Understanding GHG emissions: Stock vs. Flows

by |July 18, 2011

In discussing climate change and greenhouse gas (GHG) emissions, a key distinction must be made between the stock of GHGs in the atmosphere, and the flow of GHGs, primarily emissions. Understanding this difference is crucial for designing and implementing policies to effectively address the problem. Because a bathtub is something that most of us are familiar with, we will use it to illustrate the difference between stocks and flows.

Imagine our atmosphere is a giant bathtub, but instead of being filled with water, it is filled with a viscous fluid, something like maple syrup or ketchup. In this analogy, the fluid can be thought of as CO2 in our atmosphere, with the total volume of the fluid representing the total amount, or “stock,” of CO2 in the atmosphere at any given point in time (currently, CO2 is at 390 parts per million). Like most bathtubs, this one has a faucet that can pump more fluid into the tub and a drain that can remove fluid. The fluid coming out of the faucet represents the “flow” of GHG into the atmosphere, and the drain represents sinks (e.g. oceans, forests) that naturally remove CO2 from the atmosphere.

In order to better understand how stocks and flows of greenhouse gases affect the stability of our climate, we will add some nuances to our bathtub. Unlike conventional bathtubs, this one is equipped with a special feature: a floater sits on top of the bathtub fluid and is connected to a heating device that delivers heat into the tub as a function of the height of the fluid. As the level of the fluid and the floater rise, more heat is delivered to the tub. Furthermore, the viscous fluid in our tub has a unique property: as it heats up, its viscosity increases, and it flows more and more slowly out of the tub.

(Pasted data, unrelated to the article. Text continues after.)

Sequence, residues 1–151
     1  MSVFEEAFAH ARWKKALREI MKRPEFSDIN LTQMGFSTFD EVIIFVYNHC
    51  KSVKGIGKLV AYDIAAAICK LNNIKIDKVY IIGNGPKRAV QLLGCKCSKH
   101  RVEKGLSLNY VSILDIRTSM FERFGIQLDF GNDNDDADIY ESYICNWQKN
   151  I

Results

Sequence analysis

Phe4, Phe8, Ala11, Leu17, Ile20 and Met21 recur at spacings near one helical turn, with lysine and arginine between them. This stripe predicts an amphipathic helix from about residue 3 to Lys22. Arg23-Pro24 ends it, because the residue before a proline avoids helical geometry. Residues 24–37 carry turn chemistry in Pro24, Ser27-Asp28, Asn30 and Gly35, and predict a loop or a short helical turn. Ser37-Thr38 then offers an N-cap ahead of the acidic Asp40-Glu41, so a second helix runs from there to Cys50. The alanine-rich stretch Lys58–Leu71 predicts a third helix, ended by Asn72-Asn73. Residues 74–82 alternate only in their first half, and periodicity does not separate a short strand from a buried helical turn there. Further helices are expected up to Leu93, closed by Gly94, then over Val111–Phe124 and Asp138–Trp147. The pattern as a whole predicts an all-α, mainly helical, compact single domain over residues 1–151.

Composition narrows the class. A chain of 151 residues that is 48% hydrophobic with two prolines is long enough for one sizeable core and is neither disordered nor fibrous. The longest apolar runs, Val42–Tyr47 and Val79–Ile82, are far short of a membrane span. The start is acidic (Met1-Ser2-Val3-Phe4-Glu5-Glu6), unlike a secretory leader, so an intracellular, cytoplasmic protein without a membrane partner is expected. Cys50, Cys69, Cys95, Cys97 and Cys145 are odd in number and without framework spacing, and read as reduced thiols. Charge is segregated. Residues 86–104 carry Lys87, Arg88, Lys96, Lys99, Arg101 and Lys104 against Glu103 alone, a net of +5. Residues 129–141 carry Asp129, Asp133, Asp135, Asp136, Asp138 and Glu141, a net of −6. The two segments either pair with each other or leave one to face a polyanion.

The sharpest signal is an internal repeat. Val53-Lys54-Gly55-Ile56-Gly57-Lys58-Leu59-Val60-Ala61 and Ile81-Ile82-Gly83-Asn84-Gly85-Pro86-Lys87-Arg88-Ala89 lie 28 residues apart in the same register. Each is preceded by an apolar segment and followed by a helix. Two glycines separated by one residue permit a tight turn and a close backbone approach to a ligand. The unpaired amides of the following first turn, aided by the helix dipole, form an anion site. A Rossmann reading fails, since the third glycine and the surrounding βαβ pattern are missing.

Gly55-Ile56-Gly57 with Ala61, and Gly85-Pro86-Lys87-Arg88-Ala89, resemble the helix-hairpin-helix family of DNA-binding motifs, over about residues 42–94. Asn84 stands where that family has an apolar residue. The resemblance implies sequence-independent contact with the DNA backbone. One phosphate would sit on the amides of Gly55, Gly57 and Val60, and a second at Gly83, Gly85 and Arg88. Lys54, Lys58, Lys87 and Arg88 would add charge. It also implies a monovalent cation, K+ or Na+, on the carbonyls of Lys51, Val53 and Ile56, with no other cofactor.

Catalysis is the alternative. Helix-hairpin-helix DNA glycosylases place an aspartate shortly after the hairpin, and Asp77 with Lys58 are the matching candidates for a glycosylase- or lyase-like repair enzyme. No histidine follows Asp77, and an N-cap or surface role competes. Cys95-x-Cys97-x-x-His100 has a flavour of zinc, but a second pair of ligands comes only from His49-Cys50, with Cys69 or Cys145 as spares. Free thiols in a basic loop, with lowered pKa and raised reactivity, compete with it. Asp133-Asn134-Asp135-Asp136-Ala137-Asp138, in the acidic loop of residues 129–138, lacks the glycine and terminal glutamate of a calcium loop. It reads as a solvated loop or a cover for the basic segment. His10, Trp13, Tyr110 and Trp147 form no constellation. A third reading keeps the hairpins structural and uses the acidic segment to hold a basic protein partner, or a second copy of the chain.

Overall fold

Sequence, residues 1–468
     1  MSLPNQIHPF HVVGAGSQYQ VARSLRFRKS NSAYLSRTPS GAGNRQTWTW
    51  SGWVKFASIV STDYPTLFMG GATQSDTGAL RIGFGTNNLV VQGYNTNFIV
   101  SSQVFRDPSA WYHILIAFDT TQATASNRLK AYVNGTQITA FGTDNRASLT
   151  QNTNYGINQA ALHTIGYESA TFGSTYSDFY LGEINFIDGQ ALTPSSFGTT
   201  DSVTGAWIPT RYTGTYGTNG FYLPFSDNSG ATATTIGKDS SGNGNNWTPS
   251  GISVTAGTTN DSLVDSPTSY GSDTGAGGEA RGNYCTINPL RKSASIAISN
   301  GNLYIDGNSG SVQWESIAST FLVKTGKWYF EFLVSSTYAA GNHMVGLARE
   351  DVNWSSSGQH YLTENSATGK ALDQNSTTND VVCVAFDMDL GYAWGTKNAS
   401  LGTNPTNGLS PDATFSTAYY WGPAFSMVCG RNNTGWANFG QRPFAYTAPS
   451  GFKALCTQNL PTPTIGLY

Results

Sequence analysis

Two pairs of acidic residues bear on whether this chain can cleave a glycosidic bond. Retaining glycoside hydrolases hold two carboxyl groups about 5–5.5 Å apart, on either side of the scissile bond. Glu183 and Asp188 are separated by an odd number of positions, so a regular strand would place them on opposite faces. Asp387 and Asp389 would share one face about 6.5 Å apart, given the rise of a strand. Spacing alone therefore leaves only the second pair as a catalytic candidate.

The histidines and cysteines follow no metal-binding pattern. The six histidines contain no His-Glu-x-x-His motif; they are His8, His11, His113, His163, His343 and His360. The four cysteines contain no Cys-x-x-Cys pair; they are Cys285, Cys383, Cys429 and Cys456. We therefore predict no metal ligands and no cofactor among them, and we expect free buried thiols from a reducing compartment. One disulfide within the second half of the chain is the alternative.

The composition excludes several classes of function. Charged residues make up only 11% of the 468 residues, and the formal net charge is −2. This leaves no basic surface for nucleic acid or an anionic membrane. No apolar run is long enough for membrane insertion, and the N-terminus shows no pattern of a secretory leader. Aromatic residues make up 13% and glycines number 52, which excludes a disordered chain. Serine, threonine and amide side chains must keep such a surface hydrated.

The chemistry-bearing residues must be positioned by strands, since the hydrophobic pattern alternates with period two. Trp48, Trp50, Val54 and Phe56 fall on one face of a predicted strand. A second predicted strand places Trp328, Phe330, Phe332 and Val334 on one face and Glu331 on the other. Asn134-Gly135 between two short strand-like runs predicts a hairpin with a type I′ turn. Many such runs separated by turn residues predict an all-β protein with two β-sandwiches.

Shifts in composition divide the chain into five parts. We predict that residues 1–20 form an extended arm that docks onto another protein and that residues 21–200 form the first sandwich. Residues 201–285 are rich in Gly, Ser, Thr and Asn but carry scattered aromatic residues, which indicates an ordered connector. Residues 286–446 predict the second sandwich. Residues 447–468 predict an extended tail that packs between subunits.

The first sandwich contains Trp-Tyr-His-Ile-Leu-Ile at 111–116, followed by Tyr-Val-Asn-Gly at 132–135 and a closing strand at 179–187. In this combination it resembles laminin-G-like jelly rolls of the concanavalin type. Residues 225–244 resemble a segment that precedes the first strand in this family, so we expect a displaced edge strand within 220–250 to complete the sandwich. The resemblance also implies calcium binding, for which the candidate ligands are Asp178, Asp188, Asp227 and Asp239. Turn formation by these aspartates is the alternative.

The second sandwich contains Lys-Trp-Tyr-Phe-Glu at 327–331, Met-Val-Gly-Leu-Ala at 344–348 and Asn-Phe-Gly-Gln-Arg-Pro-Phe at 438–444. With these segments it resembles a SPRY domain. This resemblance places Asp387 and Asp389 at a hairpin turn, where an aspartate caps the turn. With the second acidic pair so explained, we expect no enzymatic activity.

Although this scenario is simplified, this increase in the fluid’s viscosity as a function of temperature (making the sink less efficient) exists in our real-life bathtub: the ocean is the world’s largest sink of CO2, and although it currently absorbs roughly 22-35% of man made CO2 emissions, its ability to absorb CO2 decreases as it warms. Furthermore, because the solubility of CO2 decreases with increasing temperature, as the top layer of the ocean warms it could lead to degassing of dissolved CO2, which would lead to further decreasing the net oceanic sink.

Until the industrial revolution, our bathtub was in a state of equilibrium, where the rate at which the liquid entered the tub (the flow) and exited through the drain (the sinks) was such that the total volume of the liquid in the tub (the stock), and therefore its height and temperature, was kept nearly constant. After the Industrial Revolution, industrialized societies began burning fossil fuels, emitting large amounts of CO2 into the atmosphere.